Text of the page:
Microsoft announced it will take steps to offer the file format technology behind billions of documents to customers and the industry as an international standard. Apple, Barclays Capital, BP, the British Library, Essilor, Intel Corporation, Microsoft, NextPage Inc., Statoil ASA and Toshiba will co-sponsor a submission to Ecma International, the standards organization, of the Microsoft Office Open XML (Extensible Markup Language) document format technology.

Furthermore, Microsoft will make available tools to enable old documents to capitalize on the open standard format. With Office document formats available as an open standard, customers will have even more confidence in their ability to store and manage data for the long term, with many more vendors and tools from which they can choose. The move will benefit the broader software ecosystem because software and services vendors worldwide will be able to more easily build compelling solutions that interoperate across a broad spectrum of technologies.

These global industry leaders have agreed to work together as part of an open technical committee that Ecma members can join to standardize and fully document the Open XML formats for Word, Excel and PowerPoint from the next generation of Office technologies, code-named Office “12,” as an Ecma standard, and to help maintain the evolution of the formats. The group will ask Ecma to submit the results of their collaboration to the International Organization for Standardization for approval.

With thousands of documents created every minute in an Office format, Microsoft’s Office formats are used in dramatic numbers. More than 300,000 developers have utilized the XML file formats in Office 2003 editions alone. Those documents will be able to take advantage of the benefits of the new open standard, enabling document contents to be accessed, searched, used, integrated and developed in new, innovative ways. Customers, technology providers and developers around the globe will be able to work with the Open XML file formats without barriers, creating a broad ecosystem of products, applications and services that can work with the formats, with or without Microsoft software. As a result, documents and public records can be archived, maintained and maintained in perpetuity with long-term, widespread industry support.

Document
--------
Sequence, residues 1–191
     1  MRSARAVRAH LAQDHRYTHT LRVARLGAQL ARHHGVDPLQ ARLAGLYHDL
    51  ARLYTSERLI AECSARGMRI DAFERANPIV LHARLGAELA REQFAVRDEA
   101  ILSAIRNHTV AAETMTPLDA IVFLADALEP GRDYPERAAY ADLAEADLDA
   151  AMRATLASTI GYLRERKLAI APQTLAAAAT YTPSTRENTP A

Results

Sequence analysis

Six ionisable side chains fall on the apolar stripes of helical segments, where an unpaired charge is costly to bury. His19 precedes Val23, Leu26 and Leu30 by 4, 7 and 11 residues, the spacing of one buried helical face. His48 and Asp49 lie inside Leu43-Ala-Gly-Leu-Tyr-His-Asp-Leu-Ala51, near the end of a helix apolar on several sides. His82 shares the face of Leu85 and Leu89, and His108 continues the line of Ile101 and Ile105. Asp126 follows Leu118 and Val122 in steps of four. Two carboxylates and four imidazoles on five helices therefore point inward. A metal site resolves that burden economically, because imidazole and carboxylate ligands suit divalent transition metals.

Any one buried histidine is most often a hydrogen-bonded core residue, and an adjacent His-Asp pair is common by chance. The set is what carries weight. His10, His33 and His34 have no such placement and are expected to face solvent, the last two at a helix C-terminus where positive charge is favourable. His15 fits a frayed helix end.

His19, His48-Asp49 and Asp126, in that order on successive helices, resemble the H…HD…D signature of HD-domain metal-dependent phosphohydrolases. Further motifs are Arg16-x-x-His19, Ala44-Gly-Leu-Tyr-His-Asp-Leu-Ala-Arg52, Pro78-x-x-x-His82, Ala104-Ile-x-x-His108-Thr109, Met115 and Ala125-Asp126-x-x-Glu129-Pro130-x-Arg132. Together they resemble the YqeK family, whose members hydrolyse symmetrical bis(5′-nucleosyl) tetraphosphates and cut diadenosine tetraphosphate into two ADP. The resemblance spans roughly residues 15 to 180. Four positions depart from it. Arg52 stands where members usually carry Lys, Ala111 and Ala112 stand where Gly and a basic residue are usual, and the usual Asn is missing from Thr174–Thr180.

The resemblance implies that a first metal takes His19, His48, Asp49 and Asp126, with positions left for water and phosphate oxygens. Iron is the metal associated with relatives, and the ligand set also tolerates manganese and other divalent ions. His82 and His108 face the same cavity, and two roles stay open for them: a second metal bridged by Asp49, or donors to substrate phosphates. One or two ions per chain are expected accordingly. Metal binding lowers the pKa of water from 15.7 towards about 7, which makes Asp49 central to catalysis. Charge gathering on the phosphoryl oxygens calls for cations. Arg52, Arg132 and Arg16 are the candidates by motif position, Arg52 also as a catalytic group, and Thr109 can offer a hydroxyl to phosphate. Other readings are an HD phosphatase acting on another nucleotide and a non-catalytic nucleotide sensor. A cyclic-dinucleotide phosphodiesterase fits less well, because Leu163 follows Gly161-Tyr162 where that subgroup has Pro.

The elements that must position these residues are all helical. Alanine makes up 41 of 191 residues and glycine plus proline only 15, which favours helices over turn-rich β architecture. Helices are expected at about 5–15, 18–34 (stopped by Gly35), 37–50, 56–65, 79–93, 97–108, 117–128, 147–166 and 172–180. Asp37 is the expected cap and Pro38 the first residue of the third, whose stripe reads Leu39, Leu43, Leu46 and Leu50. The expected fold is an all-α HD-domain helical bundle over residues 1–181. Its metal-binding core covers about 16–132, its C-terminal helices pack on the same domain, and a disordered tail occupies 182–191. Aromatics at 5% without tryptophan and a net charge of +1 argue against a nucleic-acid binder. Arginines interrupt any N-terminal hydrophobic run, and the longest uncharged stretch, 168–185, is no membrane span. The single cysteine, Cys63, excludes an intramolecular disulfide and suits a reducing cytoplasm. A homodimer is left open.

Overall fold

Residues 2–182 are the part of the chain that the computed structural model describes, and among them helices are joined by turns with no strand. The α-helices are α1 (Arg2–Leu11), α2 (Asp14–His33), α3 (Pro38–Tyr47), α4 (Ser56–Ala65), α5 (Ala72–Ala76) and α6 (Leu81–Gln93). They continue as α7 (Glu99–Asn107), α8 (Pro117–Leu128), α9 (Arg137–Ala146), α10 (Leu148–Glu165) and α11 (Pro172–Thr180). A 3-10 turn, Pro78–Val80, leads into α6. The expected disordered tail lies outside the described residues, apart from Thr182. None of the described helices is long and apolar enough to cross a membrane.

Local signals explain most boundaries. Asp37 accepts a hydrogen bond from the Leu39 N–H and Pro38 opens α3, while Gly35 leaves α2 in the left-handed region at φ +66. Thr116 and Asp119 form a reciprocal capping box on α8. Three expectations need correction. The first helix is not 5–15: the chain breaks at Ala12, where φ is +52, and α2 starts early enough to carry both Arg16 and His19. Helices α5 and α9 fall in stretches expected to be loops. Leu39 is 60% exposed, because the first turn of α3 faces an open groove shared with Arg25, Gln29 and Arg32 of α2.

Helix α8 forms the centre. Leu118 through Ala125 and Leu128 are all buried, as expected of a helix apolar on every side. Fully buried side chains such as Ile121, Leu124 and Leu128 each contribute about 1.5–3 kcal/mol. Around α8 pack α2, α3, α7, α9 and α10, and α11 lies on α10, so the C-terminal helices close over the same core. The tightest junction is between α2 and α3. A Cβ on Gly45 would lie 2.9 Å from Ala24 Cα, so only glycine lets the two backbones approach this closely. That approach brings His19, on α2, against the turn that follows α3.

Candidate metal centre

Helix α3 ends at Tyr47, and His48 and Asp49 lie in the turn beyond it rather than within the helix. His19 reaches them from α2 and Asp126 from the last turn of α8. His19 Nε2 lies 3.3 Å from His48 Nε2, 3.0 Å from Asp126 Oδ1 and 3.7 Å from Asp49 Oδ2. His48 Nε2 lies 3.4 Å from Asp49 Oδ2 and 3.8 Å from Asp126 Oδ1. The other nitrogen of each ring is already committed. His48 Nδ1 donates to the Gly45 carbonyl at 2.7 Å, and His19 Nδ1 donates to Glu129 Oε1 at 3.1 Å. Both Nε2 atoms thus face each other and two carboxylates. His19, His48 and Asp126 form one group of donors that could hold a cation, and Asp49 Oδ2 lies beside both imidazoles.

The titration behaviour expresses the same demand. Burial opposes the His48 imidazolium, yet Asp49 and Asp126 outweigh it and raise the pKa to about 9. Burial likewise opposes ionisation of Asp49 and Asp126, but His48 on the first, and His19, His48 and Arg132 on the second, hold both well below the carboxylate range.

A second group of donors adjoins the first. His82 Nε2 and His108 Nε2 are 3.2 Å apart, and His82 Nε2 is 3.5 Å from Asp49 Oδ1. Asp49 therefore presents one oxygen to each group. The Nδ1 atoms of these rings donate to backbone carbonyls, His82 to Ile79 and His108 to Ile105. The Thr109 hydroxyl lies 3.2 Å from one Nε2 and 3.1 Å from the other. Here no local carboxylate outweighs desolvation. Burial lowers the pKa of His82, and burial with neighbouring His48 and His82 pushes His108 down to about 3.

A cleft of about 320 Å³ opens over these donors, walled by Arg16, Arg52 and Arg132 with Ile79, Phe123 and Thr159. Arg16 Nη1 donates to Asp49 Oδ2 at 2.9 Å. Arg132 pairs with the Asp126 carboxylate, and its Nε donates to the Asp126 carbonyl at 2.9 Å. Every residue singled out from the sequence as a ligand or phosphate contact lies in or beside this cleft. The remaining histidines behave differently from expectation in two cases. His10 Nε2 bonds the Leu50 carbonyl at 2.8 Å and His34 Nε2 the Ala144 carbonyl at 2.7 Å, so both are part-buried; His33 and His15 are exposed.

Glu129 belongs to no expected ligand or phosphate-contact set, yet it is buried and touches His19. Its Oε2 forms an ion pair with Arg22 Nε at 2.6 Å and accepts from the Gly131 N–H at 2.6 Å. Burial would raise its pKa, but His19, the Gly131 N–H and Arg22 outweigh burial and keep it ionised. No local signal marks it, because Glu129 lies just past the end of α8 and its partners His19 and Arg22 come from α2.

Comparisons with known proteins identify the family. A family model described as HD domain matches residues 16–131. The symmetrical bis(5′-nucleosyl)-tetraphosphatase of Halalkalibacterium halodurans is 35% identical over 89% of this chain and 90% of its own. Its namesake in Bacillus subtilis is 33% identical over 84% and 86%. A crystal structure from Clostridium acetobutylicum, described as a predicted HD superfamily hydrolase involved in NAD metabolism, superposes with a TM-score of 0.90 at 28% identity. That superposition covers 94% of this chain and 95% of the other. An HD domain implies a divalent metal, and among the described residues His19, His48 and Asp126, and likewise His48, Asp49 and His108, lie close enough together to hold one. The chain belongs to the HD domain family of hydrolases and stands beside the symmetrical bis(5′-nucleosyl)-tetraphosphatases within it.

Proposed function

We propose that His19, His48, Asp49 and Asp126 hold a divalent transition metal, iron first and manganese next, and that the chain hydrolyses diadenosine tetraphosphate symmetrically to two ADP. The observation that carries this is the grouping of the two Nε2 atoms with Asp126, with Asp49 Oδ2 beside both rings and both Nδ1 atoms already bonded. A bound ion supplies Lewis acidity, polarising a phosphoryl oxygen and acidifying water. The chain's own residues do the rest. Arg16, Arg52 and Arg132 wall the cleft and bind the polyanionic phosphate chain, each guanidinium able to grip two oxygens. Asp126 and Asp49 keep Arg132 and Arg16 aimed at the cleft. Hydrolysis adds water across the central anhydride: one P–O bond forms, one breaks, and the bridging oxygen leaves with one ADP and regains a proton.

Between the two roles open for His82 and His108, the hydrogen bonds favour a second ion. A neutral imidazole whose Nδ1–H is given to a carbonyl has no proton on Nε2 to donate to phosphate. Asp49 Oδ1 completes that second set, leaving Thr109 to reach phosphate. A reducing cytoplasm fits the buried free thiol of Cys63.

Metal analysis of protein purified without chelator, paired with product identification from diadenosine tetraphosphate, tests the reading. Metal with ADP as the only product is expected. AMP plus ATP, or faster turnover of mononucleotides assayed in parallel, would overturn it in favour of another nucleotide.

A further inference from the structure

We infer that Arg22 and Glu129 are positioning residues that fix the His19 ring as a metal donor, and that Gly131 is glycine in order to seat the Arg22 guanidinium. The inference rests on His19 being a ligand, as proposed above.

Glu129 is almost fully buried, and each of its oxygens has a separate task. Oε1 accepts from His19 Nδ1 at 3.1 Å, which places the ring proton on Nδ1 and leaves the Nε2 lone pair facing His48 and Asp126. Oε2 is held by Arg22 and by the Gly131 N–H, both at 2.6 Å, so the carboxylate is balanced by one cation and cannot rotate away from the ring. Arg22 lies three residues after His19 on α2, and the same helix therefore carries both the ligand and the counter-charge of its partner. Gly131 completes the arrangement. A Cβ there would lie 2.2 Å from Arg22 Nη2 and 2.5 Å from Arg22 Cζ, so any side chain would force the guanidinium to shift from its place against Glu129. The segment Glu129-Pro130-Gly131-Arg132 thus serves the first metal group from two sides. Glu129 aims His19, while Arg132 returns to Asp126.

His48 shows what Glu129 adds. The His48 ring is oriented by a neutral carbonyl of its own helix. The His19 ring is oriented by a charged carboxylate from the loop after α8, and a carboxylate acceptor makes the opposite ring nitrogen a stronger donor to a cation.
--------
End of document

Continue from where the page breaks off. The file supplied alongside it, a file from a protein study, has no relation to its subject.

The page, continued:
“We are committed to open standards such as XML to provide the highest levels of interoperability between legacy and next-generation software,” said Jean-Philippe Courtois, president of Microsoft International. “The creation of an XML file format standard is a major industry milestone. We hope this will provide both users and organizations with the peace of mind that they will be able to access their past and future documents for generations to come.”

“We are pleased that Microsoft and its partners are making this submission to Ecma International,” said Jan van den Beld, secretary general of Ecma International. “Our members around the globe pride themselves in their ability to drive progress and consensus on important technologies.”

“Apple is pleased to support an Ecma standard for Microsoft Office Open XML document formats, which will make them more open and widely available to all,” said Philip Schiller, senior vice president of Worldwide Product Marketing at Apple. “Apple and Microsoft will continue to work closely together to deliver great products to Mac users and application developers for many years to come.”

“We view Microsoft’s move to offer its widely deployed XML file formats for Ecma standardization as a very important and positive step forward for the industry,” said Renee James, vice president and general manager of the Software and Solutions Group at Intel. “We are pleased to participate in the Ecma submission and documentation process, and believe our customers will benefit from better interoperability and systems integration.”

“Just as our predecessors stewarded the development of the national published archive over the past 250 years, the British Library is committed to preserving and providing access to the U.K.’s digital heritage,” said Adam Farquhar, head of e-Architecture at the British Library. “We expect that establishing Microsoft Office Open XML as an open standard will substantially enhance our ability to achieve this. It’s an important step forward for digital preservation and will help us fulfill the British Library’s core responsibility of making our digital collections accessible for generations to come.”